The UN working group on ‘human rights, transnational corporations (TNCs) and other businesses’ has published a new report on human rights-compatible international investment agreements. It urges states to ensure that their bilateral investment treaties (BITs) are compatible with international human rights obligations. Thus, fixing accountability of TNCs becomes a very important topic for the Mains exam.
- What are Transnational Companies (TNCs)
- 2. How are they different from MNCs?
- 3.Accountability of TNCs in international law
- 4. Bilateral Investment Treaties and TNCs
- 5. UN working group report on TNCs
- 6. Accountability of TNCs in India
What are Transnational Companies (TNCs):
- TNCs are companies that operate in more than one country i.e. they have business activities of a transnational character.
- However, they do not have a centralized management system.
- TNCs tend to have offices and headquarters located in the developed world. They often have factories in countries that are not as economically developed to take advantage of cheaper labour.
“Business activities of a transnational character” means any business activity when:
- It is undertaken in more than one jurisdiction or State; or
- It is undertaken in one State but a significant part of its preparation, planning, direction, control, design, processing, manufacturing, storage or distribution, takes place through any business relationship in another State or jurisdiction; or
- It is undertaken in one State but has significant effect in another State or jurisdiction.
Key characteristics of TNCs:
- They seek competitive advantage and profit maximization by constantly searching for the cheapest and most efficient production locations across the world
- They have geographical flexibility – they can shift resources and operations to any location in the world
- A substantial part of their workforce is located in the developing world, but often employed indirectly through subsidiaries.
- TNC assets are distributed worldwide rather than focused in one or two countries – for example, 17 of the top 100 TNCs have 90% of their assets in a different country from their head office.
How are they different from MNCs?
- Multinational companies are not a recent phenomenon, but it is a fact that today because of modern and fast and efficient means of communications and transportation, companies and businesses find it easy to operate in many other countries apart from their parent country. It is customary to call such companies as multinational corporations.
- Transnational corporations are a type of multinational corporations.
- Multinational Company refers to a corporation that has assets and facilities in one or more countries, other than the home country, and has a centralized office where global management is coordinated i.e. they have an international identity as belonging to a particular home country where they are headquartered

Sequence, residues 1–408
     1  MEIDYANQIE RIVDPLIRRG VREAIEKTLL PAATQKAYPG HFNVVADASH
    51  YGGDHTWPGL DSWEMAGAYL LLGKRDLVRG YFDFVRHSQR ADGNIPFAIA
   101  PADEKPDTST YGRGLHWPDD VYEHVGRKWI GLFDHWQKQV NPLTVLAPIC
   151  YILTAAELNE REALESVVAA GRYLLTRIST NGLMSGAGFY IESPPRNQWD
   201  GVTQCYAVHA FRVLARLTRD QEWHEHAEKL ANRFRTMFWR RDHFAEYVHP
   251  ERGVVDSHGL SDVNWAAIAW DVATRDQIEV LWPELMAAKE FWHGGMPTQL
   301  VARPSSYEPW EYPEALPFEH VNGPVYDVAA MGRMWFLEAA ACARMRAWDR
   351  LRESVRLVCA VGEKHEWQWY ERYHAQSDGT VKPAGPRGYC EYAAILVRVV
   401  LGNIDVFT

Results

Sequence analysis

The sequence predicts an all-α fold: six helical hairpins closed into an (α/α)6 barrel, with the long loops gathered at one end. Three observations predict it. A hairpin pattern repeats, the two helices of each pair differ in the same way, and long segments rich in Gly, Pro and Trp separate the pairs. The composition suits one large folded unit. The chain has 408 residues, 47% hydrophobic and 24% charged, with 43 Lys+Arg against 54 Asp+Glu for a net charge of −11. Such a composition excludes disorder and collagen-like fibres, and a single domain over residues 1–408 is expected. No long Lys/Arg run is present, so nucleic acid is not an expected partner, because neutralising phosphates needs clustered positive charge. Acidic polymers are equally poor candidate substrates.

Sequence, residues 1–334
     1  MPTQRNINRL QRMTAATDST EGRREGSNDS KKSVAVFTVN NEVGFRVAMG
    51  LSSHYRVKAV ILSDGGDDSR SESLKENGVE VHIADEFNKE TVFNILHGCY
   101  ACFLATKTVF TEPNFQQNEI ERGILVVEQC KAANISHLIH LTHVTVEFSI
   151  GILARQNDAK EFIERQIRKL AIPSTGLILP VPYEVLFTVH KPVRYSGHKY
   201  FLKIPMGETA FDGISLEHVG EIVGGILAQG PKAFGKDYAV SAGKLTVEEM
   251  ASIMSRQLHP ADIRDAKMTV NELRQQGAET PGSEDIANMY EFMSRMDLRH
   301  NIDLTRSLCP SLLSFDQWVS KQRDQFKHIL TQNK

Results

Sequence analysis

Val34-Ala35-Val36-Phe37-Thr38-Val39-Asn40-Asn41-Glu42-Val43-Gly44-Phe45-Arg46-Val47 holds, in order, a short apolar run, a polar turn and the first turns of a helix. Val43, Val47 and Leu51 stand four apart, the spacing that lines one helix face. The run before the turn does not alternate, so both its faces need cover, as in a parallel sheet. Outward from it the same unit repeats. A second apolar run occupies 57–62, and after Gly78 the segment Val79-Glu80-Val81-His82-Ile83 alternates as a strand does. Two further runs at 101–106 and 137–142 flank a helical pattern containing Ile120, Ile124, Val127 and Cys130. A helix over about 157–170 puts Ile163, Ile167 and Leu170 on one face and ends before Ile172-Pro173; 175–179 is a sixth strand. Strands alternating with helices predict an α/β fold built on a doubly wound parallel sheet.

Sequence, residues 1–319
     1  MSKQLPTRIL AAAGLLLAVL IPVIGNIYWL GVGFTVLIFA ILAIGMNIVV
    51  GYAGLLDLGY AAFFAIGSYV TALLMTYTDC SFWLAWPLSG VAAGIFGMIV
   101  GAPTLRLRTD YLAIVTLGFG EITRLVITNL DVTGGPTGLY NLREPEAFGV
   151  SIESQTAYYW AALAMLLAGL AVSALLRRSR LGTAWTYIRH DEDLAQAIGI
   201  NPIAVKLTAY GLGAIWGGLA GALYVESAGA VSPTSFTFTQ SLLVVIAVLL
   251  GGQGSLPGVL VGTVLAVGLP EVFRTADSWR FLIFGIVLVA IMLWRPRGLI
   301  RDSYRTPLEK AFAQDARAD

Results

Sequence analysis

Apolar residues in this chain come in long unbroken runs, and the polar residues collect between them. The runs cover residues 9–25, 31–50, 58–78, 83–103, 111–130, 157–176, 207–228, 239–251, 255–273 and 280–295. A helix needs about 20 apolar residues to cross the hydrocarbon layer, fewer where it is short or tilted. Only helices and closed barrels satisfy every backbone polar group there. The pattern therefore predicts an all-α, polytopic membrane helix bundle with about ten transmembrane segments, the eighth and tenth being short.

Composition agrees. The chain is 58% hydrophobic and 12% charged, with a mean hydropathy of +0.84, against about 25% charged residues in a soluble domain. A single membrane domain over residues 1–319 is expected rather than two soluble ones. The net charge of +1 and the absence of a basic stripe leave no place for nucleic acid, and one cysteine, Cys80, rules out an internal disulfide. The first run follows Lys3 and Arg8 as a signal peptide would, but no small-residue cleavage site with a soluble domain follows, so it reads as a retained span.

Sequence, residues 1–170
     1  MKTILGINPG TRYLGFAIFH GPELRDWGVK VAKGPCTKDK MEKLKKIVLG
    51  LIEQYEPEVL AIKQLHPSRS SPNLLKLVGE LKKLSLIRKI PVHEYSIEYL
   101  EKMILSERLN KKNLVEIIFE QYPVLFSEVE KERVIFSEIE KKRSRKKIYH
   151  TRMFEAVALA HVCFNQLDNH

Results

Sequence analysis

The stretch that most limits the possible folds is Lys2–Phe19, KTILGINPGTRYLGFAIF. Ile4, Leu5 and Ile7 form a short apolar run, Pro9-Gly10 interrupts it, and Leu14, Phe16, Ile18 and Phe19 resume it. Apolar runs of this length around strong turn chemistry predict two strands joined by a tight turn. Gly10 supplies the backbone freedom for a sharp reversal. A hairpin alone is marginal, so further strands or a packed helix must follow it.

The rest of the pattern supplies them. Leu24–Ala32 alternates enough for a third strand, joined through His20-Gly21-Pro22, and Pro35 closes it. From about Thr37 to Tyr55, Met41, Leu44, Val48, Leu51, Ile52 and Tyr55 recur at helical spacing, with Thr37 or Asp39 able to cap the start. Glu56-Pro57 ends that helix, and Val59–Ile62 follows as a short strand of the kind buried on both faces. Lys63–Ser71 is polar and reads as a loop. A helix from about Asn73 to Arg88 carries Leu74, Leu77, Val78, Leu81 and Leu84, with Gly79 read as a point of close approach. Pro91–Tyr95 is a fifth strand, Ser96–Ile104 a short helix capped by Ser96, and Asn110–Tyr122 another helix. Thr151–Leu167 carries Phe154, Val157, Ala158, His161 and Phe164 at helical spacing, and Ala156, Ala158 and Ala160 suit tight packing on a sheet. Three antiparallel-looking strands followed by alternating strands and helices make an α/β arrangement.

- On the other hand, a Transnational Company refers to a corporation which operates in other countries, other than the home country, and does not have a centralized management system.
- While multinationals have subsidiaries in other countries, a transnational does not have subsidiaries in other countries.
- Decision making in a multinational is made in the mother country and should be effected in all the subsidiaries globally.
- On the other hand, decision making in a transnational is made by individual transnational corporations. Strategy is made keeping in mind the requirements of the local markets and the rules and regulations of the government.
- Multinationals face restrictions when it comes to local markets since they have centralized management systems.
- On the other hand, transnational companies are free to make decisions independently based on local markets.
Accountability of TNCs in International Law:
- The accountability of transnational corporations (TNCs) remains an issue of global concern
- There are grave concerns that those at the helm of affairs in TNCs are engaged in a race to the bottom through the ruthless pursuit of the profit maximisation objective.
- The enactment of notable corporate governance (CG) codes such as the United Kingdom’s Combined Code 2006 now replaced by the the UK Corporate Governance Code 2012; the USA’s Sarbanes-Oxley Act 2002; CG standards, principles and guidelines being championed by supra-national authorities such as the OECD (Organization for Economic Cooperation and Development) and the World Bank have done little to ensure the accountability of TNCs on a global basis.
- Many researchers have opined that the dominant voluntarism approach to the accountability of transnational corporations (TNCs) is inadequate and not fit-for-purpose.
- Former U.S. Secretary of State Henry Kissinger said in 1975 in the UN General Assembly that the international community should articulate standards of conduct for TNCs.
- Subsequently, an audacious effort was made at the UN to develop a multilateral code of conduct on TNCs.
- However, due to differences between developed and developing countries, it was abandoned in 1992.
- An integral feature of the neoliberal project was to use international law to institutionalise the forces of economic globalisation, leading to the spread of BITs.
- These treaties promised protection to foreign investors under international law by bestowing rights on them and imposing obligations on states.
- This structural asymmetry in BITs, which confer rights on foreign investors but impose no obligations, relegated the demand for investor accountability.
- However, after the 2011 report of John Ruggie, UN Special Rapporteur on business and human rights, the issue of holding TNCs accountable gathered momentum again.
- In 2014, the UN Human Rights Council established an open-ended working group with the mandate to elaborate on an international legally binding instrument on TNCs and other businesses concerning human rights.
- Since then, efforts are being made towards developing a treaty and finding ways to make foreign corporations accountable.
Bilateral Investment Treaties and TNCs: